After that, they wandered out into the wilderness and remained lost for two whole seasons.
Yet after five games, something familiar, yet entirely different, has emerged from the fog.
This new form of Bengal is hardened and doesn't like to talk much. They survived on berries, wild game, and meaningless late-season wins. Times were tough, and many thought a new low was inevitable for the hapless Bengals last season.
But after a particularly miserable drubbing by the Colts in Week 14, some weird, introspective, peyote-like moment happened in the locker room. The team stared at their horrors in the face; all of the egos, all of the losing and blaming bubbled to the surface of Marvin Lewis' cauldron. It was a nightmare, but they lived.
And now they have arrived.
Two days ago in Baltimore, these Cincinnati Bengals walked away with their last divisional opponent vanquished face down in the dirt. All three times, the Bengals went down early, demonstrated their new warrior mind-frame, and outlasted their foes.
These guys are tough as railroad spikes, and their ability to pull off fourth-quarter comebacks on a regular basis obviously runs deeper than just preparation and coaching adjustments; it speaks to those ambiguous intangibles that coaches love, like heart and moral fiber.
The Ravens were tops at stopping the run, and Cedric Benson wore them out on his way to 120 yards. Baltimore's offense was advertised as “rebuilt” and “explosive,” and with the exception of one long Ray Rice run caused by a missed tackle, the Bengals defense had no problems containing Joe Flacco and his purple toys.
Sure, Carson Palmer looked great (Ed Reed happens to everybody), Ocho was sharp (and I mean everybody), and Chris Henry finally got loose down the sideline on a deep ball, but the offense racked up over 400 yards because of their gritty linemen.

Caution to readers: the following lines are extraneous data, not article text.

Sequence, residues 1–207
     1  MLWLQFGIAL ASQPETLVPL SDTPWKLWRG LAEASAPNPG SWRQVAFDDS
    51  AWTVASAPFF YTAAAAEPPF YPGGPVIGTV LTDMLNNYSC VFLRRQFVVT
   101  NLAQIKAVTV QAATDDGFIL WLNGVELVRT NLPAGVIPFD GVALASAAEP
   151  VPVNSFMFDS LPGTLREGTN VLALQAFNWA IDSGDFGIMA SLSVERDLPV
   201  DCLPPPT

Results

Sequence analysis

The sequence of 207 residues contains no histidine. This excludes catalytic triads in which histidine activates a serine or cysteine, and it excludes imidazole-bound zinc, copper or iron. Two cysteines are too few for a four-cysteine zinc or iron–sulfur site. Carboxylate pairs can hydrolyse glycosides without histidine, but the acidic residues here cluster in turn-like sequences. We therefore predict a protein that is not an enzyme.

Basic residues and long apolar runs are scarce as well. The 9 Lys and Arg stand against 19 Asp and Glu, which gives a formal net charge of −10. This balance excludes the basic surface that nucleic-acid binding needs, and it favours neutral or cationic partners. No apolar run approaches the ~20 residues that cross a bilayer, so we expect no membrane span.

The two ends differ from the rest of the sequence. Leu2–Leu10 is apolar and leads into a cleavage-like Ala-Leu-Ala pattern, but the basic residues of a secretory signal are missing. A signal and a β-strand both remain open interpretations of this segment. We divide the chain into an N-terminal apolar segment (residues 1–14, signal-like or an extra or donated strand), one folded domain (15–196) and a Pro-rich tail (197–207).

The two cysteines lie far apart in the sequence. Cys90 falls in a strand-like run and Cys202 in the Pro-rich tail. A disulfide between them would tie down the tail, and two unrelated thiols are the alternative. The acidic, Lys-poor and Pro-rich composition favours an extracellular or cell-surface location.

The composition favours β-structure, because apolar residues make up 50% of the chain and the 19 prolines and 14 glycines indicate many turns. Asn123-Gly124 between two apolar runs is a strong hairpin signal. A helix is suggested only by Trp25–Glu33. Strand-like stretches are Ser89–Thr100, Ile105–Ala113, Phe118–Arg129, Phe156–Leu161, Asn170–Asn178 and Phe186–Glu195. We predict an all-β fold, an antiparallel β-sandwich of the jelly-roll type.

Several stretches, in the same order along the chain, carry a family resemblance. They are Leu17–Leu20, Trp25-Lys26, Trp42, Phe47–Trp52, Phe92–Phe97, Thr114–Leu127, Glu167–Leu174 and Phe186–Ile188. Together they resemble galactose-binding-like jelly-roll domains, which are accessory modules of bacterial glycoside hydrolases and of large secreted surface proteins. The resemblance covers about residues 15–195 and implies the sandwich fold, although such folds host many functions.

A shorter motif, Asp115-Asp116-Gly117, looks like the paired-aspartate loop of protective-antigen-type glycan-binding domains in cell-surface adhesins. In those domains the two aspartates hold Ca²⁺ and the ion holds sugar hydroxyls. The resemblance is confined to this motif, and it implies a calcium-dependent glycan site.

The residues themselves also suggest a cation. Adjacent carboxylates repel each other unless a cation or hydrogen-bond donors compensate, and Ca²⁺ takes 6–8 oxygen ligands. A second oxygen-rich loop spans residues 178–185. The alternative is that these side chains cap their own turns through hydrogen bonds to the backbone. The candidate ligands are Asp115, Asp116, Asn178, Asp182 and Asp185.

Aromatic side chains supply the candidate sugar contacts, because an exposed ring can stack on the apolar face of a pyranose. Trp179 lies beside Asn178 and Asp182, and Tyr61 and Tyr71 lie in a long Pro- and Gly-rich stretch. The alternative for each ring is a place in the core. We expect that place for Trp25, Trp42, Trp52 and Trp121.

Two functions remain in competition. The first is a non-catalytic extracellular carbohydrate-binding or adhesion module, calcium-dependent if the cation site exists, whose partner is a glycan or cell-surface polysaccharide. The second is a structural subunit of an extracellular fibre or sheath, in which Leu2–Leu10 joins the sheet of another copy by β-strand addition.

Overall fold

In the second half, the Ravens' defensive line, anchored by the human aircraft carrier Haloti Ngata, was getting blown off of the line on running plays. Palmer was only sacked twice and had time to throw throughout most of the game.
Even with backups Evan Mathis and Dennis Roland seeing significant snaps, this line seamlessly transitioned big guys in and out without losing much rhythm. Offensive line coach Paul Alexander deserves tons of credit for an excellent start this season.
Another huge positive factor has been the play of cornerbacks Johnathan Joseph and Leon Hall. It was as if the Raven receivers decided to go to the racetrack or golf course instead of play football; were they there?
If these two can continue to shut down the opposition's top receiver, I suspect that we will continue to see more sacks and pressure on the quarterback as a result. They can be left in single coverage, which allows for more safety and linebacker blitzing—a perfect equation for sacks. It's only Week Five, but a Pro Bowl invitation for at least one of them may be in order.
The final major bright spot worth pointing out is our favorite golden boy, Carson Palmer. Those fans clamoring for the big-armed, sling-shooting Palmer of 2005 might feel somewhat underwhelmed by his play so far, but no matter what his stats look like, he has risen to the game's ultimate challenge of playing from behind and orchestrating the win in every game this season.
I've shared my skepticism on Carson's ability to improve on the things I felt he had faltered in, like pocket presence and clutch ability. I cautioned against the belief that just because No. 9 was back, things would automatically turn around. I am quite delighted that Mr. Palmer has proven me dead wrong on these points.
The reshaping of the team identity from a dainty, calculated air attack into a steamrolling armored unit is still a work in progress. Despite exceeding most expectations, the team has yet operate at full speed. The new Bengals have shock-and-awed their way to first place, and they haven't even gotten the hang of this thing yet.
At this point, the league is going to take the Bengals seriously. The divisional games will only get more bitter and brutal. Teams are going to brace themselves against the Bengals' late-game punch, and it will be up to the players and coaches to further grow into their new roles.
While they're not quite in the AFC North driver's seat yet, Cincinnati has certainly moved up to the passenger seat and buckled in the safety belt.
Mojokong—Autumn Sundays are fun again.
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